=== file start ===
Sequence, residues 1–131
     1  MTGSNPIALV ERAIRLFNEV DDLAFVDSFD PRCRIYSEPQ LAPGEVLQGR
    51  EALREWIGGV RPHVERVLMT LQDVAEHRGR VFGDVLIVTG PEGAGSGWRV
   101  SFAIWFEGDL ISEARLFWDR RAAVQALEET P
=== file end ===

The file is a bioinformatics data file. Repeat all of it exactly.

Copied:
Sequence, residues 1–131
     1  MTGSNPIALV ERAIRLFNEV DDLAFVDSFD PRCRIYSEPQ LAPGEVLQGR
    51  EALREWIGGV RPHVERVLMT LQDVAEHRGR VFGDVLIVTG PEGAGSGWRV
   101  SFAIWFEGDL ISEARLFWDR RAAVQALEET P